The More You Know, the Less You Stress
Stress isn’t all bad. In fact, stress tells the body how to react in dangerous situations. Our fight or flight tendencies – increased brain activity, a quickening pulse, tensed muscles, etc. – are meant to help us escape a bear in the wilderness or focus on an important task when under pressure. But our bodies were not made for prolonged stress. Long term stress can be detrimental to your health.
In a recent study, adults with normal blood pressure that had high levels of stress were more likely to develop high blood pressure. They were also more likely to experience a heart attack or stroke in the future. In contrast, those with lower levels of stress were less likely to experience heart-related issues in the future.
For 13 years, researchers monitored the heart health and stress hormones of over 400 people. They paid attention to the level of stress hormones in urine samples and their relationship to participants’ heart health.
In the end, every time a person’s stress hormones doubled, there was a 21-31% increase in the risk of developing high blood pressure. Similarly, when someone’s cortisol levels doubled (one of the stress hormones), there was a 90% increased risk of cardiovascular events.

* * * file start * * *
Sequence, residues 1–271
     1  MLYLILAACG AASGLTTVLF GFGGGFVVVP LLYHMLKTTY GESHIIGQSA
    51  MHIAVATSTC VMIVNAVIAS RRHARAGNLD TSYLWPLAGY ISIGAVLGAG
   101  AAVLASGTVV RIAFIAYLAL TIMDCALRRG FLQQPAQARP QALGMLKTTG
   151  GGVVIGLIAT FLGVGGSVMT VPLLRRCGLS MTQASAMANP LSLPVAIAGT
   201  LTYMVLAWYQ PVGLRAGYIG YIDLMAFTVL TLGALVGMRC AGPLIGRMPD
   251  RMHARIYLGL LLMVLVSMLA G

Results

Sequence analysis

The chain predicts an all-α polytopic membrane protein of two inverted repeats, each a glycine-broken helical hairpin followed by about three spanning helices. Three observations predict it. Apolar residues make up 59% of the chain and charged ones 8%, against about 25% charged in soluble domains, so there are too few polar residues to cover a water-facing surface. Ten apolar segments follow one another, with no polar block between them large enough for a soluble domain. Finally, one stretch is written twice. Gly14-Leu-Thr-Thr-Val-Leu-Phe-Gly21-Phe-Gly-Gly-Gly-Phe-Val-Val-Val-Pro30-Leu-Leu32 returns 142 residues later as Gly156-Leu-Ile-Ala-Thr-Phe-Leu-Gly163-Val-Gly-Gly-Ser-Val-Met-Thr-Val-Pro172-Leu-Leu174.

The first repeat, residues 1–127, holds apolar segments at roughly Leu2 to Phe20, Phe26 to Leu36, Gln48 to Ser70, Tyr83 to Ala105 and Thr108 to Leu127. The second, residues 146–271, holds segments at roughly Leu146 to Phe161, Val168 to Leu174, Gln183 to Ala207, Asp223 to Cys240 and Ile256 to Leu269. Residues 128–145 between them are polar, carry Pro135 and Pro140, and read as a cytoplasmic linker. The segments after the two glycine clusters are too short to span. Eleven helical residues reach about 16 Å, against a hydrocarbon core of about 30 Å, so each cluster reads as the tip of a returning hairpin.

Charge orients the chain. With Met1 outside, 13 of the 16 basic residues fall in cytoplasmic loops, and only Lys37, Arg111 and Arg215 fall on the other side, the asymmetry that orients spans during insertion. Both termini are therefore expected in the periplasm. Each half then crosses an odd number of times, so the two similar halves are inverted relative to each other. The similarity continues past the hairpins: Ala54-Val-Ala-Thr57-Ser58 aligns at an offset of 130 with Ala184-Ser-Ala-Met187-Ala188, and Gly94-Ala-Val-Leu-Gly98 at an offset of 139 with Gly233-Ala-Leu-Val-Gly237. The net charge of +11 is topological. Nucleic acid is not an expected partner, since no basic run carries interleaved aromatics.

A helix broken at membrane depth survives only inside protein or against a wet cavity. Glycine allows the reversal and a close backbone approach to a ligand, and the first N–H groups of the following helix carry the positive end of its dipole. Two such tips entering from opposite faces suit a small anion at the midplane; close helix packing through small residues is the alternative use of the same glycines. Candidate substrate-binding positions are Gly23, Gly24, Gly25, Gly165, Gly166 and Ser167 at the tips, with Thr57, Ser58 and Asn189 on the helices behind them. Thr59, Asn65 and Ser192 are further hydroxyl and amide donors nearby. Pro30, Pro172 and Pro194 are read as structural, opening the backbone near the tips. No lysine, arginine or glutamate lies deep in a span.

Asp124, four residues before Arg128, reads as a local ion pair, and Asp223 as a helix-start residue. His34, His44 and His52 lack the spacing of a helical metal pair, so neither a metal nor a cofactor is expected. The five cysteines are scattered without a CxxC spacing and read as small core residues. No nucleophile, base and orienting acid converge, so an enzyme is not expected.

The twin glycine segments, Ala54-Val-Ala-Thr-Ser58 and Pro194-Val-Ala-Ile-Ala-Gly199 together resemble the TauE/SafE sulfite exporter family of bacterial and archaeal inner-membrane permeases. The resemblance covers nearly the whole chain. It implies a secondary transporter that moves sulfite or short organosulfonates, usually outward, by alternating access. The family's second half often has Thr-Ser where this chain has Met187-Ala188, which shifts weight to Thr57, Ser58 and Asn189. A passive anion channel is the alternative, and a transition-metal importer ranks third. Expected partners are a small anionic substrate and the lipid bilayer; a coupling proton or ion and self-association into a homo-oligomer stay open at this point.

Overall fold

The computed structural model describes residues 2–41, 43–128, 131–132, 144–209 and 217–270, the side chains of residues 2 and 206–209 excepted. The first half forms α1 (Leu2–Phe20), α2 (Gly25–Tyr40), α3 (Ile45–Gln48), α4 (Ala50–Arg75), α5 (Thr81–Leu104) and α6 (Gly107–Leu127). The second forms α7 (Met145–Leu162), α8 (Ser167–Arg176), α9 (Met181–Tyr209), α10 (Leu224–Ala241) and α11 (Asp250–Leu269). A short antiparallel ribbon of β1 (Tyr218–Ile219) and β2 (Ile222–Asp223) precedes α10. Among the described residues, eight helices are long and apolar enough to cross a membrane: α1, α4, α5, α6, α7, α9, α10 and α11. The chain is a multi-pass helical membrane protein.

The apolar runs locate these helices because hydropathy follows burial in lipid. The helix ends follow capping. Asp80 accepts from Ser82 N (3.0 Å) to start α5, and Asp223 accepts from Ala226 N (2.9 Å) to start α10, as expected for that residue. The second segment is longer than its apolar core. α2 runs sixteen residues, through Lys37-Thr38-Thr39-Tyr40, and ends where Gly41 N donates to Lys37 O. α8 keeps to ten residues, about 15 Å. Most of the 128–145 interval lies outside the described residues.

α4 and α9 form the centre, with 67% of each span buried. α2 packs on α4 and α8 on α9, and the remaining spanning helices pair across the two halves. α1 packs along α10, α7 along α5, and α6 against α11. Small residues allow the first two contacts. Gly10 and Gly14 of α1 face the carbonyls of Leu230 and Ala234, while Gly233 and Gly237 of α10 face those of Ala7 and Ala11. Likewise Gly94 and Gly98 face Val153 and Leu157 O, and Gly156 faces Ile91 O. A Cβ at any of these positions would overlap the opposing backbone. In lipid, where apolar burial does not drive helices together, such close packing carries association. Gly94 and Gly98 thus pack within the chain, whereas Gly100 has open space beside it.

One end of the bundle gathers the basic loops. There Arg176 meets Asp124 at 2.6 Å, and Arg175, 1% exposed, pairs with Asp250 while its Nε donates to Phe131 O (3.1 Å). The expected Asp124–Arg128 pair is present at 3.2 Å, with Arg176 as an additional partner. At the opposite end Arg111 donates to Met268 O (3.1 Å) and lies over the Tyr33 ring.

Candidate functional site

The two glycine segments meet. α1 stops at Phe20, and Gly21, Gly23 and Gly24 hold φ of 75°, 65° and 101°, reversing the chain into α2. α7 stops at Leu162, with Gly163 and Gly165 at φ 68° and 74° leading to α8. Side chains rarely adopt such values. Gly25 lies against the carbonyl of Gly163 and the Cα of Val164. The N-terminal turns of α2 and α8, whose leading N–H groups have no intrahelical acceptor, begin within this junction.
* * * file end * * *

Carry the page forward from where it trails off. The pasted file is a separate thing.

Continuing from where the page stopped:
Now, keep in mind that heart disease was the number one leading cause of death in 2020. COVID-19, a virus that is a higher risk for those with high blood pressure, was the 3rd leading cause of death, and stroke was the 5th. In other words, heart health matters. Although family history can play a role in heart disease, there is a lot we can do to keep our hearts healthy. Even simple, daily, stress-relieving activities should not be overlooked as a way to keep our hearts healthy.
Want to know more about getting stress under control? Take a look at this post on relieving current and ongoing stress. Or want to know more about heart disease prevention? Check out the other posts in our series below.